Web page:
Tuesday, March 11, 2008

The Craftsman - getting craft on the cultural radar

It is an eternal complaint of the craft communities that craft is marginalised, ignored, and simply not accepted as a subject worthy of attention by the media, policy makers or critics. But over the last two weeks, craft has been discussed in the pages of The Financial Times, The Guardian, The Times, New Statesman, Daily Telegraph, and Times Higher Education. BBC Radios 3 and 4 have also been discussing craft. Indeed, a monastic retreat or diet of tabloids are the only two reasons why a person in the UK can have avoided at least a fleeting brush with the art of the potter or the notion of tacit knowledge in the last couple of weeks.

The reason for this new found interest in the handmade is the publication of The Craftsman by Richard Sennett.



This excellent book has attracted considerable attention because it is a significant work of scholarship, it is hugely readable and it presents a compelling case for the contemporary relevance of craft.

As Edwin Heathcote writes in the FT: "At the heart of the book is an idea that work need not be about making money but can be about something more existential and profound. In a charmingly (and often slightly ramblingly) eccentric journey, Sennett takes a look at great craftsmen over the ages, from the workshops of Antonio Stradivari and of Renaissance goldsmiths to the strange set-up and motivations of the National Health Service."

According to Lynsey Handley in the New Statesman, Sennett approaches his subject with passion and commitment: "Sennett's goal is to remind us that skill - technique, to use his preferred word - is the result of hand and brain informing each other, through repetition and decision-making, to create a unique, solid and easy flow of knowledge between the two. Mastery, in other words. It is an open letter to us all, reminding us that we can shape and craft our own lives, and must not allow wider forces over which we have little control to rob us of that awareness. Our hands can both anoint and kill, but with practice, understanding and the help of others, can be turned away from destructive purpose. Literally, the future is in our hands."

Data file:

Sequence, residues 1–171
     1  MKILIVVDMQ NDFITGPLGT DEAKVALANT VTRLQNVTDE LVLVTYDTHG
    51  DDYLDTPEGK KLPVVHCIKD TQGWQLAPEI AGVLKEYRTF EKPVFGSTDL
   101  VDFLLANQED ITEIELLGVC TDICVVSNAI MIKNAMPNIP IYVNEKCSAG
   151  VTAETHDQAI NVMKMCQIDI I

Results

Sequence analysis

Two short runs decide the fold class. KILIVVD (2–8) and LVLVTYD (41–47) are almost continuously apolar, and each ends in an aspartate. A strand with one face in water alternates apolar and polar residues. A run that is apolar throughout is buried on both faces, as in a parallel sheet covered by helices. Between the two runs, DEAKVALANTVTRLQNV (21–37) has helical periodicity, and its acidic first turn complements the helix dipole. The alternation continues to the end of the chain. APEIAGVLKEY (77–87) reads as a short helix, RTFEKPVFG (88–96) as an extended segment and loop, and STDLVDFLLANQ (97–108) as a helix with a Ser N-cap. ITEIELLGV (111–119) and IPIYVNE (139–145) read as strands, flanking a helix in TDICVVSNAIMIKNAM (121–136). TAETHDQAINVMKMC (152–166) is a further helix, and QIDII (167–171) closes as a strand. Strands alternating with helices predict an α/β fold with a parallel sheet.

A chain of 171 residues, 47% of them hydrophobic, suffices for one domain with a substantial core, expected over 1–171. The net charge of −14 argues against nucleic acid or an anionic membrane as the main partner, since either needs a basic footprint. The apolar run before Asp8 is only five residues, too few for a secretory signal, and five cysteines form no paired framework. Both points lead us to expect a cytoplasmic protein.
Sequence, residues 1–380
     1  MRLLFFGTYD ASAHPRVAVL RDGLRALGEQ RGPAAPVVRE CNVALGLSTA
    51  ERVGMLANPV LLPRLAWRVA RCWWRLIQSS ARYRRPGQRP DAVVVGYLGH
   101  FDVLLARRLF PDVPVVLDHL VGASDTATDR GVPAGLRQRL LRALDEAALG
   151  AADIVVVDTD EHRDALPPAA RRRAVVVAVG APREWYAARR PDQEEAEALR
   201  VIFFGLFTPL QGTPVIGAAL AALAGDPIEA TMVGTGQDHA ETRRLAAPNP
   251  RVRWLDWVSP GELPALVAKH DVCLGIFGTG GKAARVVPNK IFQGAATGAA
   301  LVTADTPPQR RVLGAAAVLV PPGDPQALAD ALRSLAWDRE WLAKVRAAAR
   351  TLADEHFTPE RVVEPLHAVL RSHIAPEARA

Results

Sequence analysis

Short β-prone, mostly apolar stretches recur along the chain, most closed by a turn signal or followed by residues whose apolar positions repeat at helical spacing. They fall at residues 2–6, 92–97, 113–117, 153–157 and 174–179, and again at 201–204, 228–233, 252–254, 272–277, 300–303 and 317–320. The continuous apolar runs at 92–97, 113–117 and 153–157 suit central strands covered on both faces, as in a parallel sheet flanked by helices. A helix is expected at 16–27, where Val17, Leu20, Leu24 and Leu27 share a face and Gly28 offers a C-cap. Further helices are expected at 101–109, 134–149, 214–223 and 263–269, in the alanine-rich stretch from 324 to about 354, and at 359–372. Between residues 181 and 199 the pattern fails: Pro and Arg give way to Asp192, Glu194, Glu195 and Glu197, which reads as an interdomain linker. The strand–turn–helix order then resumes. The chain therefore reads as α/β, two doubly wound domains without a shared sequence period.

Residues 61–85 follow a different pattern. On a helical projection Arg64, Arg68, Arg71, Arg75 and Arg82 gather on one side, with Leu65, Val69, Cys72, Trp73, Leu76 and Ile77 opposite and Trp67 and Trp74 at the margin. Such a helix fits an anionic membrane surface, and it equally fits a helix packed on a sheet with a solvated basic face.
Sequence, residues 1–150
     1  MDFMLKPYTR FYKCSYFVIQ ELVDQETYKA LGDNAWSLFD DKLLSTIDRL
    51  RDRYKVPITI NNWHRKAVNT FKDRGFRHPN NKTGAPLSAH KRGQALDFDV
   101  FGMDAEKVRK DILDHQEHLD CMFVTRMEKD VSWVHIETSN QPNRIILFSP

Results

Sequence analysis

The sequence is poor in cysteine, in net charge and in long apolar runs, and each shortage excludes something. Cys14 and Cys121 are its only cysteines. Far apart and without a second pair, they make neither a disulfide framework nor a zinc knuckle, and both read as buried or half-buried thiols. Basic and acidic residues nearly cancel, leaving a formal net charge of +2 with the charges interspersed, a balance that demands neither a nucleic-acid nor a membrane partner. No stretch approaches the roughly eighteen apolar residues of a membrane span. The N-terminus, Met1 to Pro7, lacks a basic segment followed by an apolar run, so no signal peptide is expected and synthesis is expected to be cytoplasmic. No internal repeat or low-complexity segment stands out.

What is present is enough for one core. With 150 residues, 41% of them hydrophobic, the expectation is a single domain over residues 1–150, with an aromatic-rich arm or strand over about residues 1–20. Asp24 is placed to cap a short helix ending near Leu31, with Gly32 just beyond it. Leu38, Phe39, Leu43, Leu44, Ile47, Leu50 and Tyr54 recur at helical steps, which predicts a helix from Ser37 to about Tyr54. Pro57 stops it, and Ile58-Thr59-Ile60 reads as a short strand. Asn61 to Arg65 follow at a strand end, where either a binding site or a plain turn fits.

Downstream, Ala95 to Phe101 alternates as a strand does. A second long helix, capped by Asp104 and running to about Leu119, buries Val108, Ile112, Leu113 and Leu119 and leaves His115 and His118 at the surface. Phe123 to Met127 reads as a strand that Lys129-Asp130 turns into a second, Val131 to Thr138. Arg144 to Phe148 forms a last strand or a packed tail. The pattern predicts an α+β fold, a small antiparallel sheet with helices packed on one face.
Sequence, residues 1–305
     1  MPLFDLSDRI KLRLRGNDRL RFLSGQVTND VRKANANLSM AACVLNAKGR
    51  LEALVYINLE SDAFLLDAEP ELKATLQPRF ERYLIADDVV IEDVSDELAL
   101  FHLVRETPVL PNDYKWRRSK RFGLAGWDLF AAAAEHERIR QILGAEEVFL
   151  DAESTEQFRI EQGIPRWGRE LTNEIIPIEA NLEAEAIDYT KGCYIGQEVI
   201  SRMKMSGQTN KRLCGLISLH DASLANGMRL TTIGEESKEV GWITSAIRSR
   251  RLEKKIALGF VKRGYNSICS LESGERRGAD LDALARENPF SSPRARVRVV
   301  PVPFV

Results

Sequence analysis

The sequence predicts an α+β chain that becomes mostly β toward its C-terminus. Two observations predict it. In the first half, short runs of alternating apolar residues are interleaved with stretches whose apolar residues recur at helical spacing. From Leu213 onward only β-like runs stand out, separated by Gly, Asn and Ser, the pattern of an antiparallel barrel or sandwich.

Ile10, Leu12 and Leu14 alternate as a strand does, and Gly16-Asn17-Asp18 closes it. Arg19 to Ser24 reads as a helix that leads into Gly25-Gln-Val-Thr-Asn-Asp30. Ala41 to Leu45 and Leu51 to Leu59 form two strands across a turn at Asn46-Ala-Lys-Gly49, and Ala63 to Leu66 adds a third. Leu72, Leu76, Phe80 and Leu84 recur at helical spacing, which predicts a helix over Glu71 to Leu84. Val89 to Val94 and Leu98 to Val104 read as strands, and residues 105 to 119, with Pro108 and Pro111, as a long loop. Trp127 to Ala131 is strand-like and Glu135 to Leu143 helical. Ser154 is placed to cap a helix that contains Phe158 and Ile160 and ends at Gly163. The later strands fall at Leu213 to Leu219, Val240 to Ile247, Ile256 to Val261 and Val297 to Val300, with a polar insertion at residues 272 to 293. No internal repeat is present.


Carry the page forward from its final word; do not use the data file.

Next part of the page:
Writing in The Guardian, Fiona MacCarthy explains how "Sennett alters one's view of craftsmanship by finding so much meaning in the detail. The grip on the pencil, the pressure on the chisel: he persuades us that these things have real significance. The Craftsman is one of a trilogy, with volumes to come on ritual and craft, and craft and the environment. This first instalment is so good it will be difficult to wait."

Indeed, he promises two further volumes. Warriors and Priests will explore ritual as craft, while The Foreigner will tackle the issue of environmental craft, arguing that "craft is now foreign to us." But for now, it is The Craftsman that provides more than enough to stimulate, challenge and provoke.